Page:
National exposure

MARSHALL – Education, entertainment and opportunity collided, providing a one-of-a-kind experience for more than 56,000 high school students from around the country who attended the 86th National FFA Convention and Expo recently in Louisville, Ky.

Along with FFA advisers Jason Kaare and Sarah Jacobs, 18 students from Marshall High School took part in the annual celebration.

“I think the biggest thing the students took away from this event was the sheer vastness of the organization, that’s it’s not just Marshall FFA, that there’s people from all over the country that have the same interests as them,” Kaare said. “Especially for the younger members who may have only done one contest, it’s a chance for them to see where this could take their lives in the future. They don’t know all the opportunities that are out there because they haven’t seen them yet. This gives them a bigger picture.”

Marshall senior Emily Mortier agreed, noting that she has been active in FFA for three years.

“Going to this convention has helped me see the many opportunities there are out there for a farm girl like me,” Mortier said. “I am currently working on an SAE (Supervised Agricultural Experience) for FFA, and I would have never started this if it wasn’t for my great FFA teachers and the national convention.”

FFA’s motto is to make a positive difference in the lives of students by developing their potential for premier leadership, personal growth and career success through agricultural education. Marshall graduate Taylor Welu, currently a junior college student, received her American FFA Degree at the convention.

“It’s basically the highest honor you can get as an FFA member,” Kaare said. “A very small percentage actually get that recognition. She got to go across the stage during the ceremony.”

American FFA Degrees are awarded to FFA members who demonstrate the highest level of commitment to FFA and make significant accomplishments in their SAEs. Approximately 3,500 American FFA Degrees are handed out each year at the National Convention. The number represents less than half of 1 percent of all FFA members.

While at the Convention, students had the opportunity to attend nine general sessions and many leadership and career development workshops as well as engage with exhibitors from more than 450 corporations, organizations and colleges.

“I got the opportunity to go to a speaker who spoke about being an ag teacher,” Mortier said. “I want to be a teacher someday and this speech was rather helpful for me to know what I can expect in my future. My favorite thing about National Convention was the career fair. There were so many places to see, so many colleges to look at and so much free stuff.”

Kaare said that Rachel Trost is exploring the possibility of being an ag teacher and had the opportunity to learn about the career at a “Teach Ag” booth.

“There was a career fair, so kids could see what ag-related companies are out there,” he said. “That included anything from Land O’Lakes to Syngenta and any college that has an ag program. So the kids had a chance to explore different careers.”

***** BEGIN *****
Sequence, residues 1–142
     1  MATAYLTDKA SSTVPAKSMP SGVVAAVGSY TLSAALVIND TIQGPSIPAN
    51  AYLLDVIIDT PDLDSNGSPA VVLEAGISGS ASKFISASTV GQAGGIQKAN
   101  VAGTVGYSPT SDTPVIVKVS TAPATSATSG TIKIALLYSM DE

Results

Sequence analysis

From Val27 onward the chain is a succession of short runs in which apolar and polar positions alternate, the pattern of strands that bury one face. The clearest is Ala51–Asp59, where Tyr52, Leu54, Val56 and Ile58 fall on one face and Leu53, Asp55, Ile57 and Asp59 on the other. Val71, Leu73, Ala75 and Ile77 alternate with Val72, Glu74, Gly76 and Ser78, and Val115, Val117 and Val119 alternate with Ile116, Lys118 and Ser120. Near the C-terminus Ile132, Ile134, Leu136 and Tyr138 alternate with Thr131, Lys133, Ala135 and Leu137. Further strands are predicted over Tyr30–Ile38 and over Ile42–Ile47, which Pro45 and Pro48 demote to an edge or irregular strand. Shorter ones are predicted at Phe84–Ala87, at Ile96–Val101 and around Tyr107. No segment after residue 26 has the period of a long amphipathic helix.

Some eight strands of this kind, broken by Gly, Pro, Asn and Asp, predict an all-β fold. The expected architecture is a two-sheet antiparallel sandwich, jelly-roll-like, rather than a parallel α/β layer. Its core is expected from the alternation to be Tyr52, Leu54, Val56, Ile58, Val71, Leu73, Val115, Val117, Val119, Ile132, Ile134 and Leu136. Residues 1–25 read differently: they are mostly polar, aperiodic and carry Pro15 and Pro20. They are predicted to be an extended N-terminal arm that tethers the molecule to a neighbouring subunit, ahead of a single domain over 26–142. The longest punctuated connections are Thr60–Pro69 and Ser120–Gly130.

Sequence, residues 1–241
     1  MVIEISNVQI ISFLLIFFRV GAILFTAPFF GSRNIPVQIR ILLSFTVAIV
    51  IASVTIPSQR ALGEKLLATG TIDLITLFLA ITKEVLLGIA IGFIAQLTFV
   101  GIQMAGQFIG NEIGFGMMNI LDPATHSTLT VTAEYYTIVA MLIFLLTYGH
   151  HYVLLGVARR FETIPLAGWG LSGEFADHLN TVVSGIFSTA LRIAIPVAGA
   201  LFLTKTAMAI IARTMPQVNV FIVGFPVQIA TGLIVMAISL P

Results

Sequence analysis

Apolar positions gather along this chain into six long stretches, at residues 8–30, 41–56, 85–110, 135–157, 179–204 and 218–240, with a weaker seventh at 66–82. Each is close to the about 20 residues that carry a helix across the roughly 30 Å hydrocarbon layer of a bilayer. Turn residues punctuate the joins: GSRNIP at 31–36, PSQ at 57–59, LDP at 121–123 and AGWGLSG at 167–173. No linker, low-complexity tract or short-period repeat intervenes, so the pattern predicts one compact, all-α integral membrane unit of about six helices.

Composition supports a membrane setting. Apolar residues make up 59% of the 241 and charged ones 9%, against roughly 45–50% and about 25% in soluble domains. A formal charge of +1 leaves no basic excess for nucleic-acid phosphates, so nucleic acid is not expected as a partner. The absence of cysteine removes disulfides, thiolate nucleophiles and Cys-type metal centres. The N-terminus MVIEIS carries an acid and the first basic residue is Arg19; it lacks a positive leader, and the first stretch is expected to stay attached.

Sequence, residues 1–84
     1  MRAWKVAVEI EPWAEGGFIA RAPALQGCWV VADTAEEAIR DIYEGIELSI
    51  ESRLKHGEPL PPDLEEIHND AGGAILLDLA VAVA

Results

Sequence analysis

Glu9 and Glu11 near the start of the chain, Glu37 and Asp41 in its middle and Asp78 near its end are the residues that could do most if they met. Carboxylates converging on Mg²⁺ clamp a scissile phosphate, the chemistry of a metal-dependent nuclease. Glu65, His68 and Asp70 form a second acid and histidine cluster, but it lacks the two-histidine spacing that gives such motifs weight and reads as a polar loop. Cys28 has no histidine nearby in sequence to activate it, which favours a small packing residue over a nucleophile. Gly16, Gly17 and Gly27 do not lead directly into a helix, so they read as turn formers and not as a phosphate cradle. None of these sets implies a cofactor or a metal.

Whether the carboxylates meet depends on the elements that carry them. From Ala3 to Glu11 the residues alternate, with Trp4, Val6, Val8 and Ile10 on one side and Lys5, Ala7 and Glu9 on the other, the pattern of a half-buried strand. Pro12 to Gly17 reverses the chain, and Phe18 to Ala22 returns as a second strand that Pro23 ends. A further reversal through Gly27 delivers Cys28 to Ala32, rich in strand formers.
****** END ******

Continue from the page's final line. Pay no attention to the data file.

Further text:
Jacobs especially liked the opening ceremony that featured keynote speaker Rick Pitino, head coach of the University of Louisville basketball team that won the 2013 NCAA Division I title. He shared his 10-step process with the large crowd, hoping to motivate everyone to realize that “success is a choice” on the road to becoming a winner, much like that of his basketball teams.

“It thought it was a great experience,” Jacobs said. “It’s fortunate that (MHS) can bring kids here every year. I grew up in a chapter that only went once every three years. They have new speakers every year. It’s such a cool experience.”

Joe Torillo, a New York City Fire Department veteran, also spoke at the convention as did Josh Sundquist, a member of the U.S. Paralympic Ski Team. After rushing to assist in rescue efforts, Torillo was buried alive twice in the Twin Tower collapses and miraculously survived. He now speaks about big dreams and patriotism.

Sundquist was given a 50/50 chance of surviving bone cancer at the age of nine. But chemotherapy treatments and the amputation of his leg by the age of 13 saved his life. As a determined ski racer and sharp-witted author, Sundquist now inspires others.

Along with a rodeo and hypnotist shows, FFA members also attended a sold-out performance by Dierks Bentley, a rodeo, hypnotist shows and other activities.

“We went on river boat cruise in Louisville,” Kaare said. “It had a dance floor right in the middle of the boat and there were FFA kids there from across the country. I think that was one of the highlights of the trip for lots of the kids.”

The MHS students also toured Churchill Downs, which is known as the Home of the Kentucky Derby.

“I don’t know about anybody else, but I found this very interesting and felt special to be at such a famous place,” Mortier said. “We also got the chance to go to a dairy and swine farm. These were not normal farms, but large farms with hundreds of cows and pigs. This was awesome to see and a great experience.”

Kaare also enjoyed visiting Fair Oaks Farm, which is located in Fair Oaks (Ind.).

“It’s a farm that milks 30,000 cows and has a dairy educational center,” he said. “They also opened up a swine part. That was pretty cool to see. You were in hallways with glass walls, going through the gestational stages of the pigs. The kids really seemed to enjoy it, too.”

For many of the FFA attendees, including Mortier, just meeting new people was worth the trip.

“Our hotel was all the people from Minnesota, so it was fun to get to meet a lot of different people from our state,” she said. “When we went to the Louisiana basketball stadium, there were so many people packed in there. It was cool, though, to see everyone dressed the same – in their national blue and corn gold.”